Dr. Wilkinson resolved on going to London to consult the Foreign Office, and to obtain funds for the present relief of the Princess, and her restoration to her native land.
Mrs. Worall left Bath, taking Caraboo with her. But the wide circulation of the story led to her detection.
On the following Monday, a Mrs. Neale called on a Mr. Mortimer, and urged him to go to Knole and tell Mrs. Worall that she knew the girl very well, for she had lodged in her house in the suburbs of Bristol. At the same time a youth arrived from Westbury, a wheel-wright's son, who had met her upon her first expedition to Almondsbury, and remembered seeing her at a public-house by the roadside, where a gentleman, feeling compassion for her weariness, had taken her in and treated her to beefsteak and hot rum and water.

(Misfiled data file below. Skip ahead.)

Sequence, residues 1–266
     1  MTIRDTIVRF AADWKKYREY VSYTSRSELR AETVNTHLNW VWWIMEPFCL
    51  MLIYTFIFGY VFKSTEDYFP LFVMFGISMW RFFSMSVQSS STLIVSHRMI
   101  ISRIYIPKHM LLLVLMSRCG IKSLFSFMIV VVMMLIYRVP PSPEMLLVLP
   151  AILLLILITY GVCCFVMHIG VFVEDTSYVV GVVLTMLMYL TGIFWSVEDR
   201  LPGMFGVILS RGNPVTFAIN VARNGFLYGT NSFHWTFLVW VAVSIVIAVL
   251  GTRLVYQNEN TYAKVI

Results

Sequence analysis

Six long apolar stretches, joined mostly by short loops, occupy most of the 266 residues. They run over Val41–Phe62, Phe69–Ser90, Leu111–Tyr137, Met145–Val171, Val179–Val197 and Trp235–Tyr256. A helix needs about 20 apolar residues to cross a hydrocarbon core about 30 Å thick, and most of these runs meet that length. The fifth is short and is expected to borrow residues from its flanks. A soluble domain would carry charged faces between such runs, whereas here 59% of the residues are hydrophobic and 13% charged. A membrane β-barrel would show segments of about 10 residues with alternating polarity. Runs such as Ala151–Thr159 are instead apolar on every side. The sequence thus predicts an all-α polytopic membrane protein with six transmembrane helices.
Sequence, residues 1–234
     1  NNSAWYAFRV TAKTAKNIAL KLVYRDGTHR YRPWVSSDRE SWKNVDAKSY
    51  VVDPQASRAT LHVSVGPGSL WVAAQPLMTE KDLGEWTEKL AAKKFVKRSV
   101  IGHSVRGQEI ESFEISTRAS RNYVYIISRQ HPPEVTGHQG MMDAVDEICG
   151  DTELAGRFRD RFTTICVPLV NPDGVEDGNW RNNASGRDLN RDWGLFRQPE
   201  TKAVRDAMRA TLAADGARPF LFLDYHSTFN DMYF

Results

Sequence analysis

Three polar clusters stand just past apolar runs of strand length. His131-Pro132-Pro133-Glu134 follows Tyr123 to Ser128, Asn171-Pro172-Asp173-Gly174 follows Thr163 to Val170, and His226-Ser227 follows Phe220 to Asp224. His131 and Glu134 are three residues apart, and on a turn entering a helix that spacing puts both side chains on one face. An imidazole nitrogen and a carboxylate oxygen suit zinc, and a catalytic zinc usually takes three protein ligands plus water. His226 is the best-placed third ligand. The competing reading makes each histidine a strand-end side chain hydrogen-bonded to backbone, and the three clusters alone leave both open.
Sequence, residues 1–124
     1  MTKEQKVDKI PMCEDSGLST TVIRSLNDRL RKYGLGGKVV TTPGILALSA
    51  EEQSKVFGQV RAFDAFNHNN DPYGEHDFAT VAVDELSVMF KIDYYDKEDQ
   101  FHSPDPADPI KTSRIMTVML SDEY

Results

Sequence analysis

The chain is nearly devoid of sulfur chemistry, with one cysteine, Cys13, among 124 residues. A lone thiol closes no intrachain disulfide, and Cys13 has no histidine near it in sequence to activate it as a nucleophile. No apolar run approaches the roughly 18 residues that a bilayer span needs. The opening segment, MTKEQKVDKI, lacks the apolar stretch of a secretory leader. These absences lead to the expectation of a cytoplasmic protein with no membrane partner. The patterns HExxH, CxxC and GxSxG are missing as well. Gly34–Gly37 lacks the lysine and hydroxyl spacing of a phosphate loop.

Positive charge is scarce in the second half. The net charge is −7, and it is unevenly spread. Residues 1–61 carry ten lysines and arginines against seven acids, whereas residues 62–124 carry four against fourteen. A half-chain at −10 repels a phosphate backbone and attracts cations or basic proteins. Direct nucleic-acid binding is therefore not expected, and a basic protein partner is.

Mrs. Worall was much disconcerted, but wisely said nothing to her guest of what she had heard, and took Caraboo next day in her carriage to Bristol under the plea that she was going to have Mr. Bird, the artist, complete the portrait of the princess on which he was engaged, and desired a final sitting. But instead of driving to Mr. Bird's studio, the princess was conveyed to the house of Mr. Mortimer, where she was shown into a room by herself, whilst Mrs. Worall had an interview with Mrs. Neale elsewhere. This lady was attended by her daughter, and their story both surprised and confounded the kind magistrate's wife. After a protracted discussion, she returned to Caraboo, and told her plainly that she was convinced that she was an impostor. When Caraboo heard that Mrs. Neale had denounced her, she burst into tears and her fortitude gave way. She made a few feeble attempts to keep up the deception, but finally made a full confession.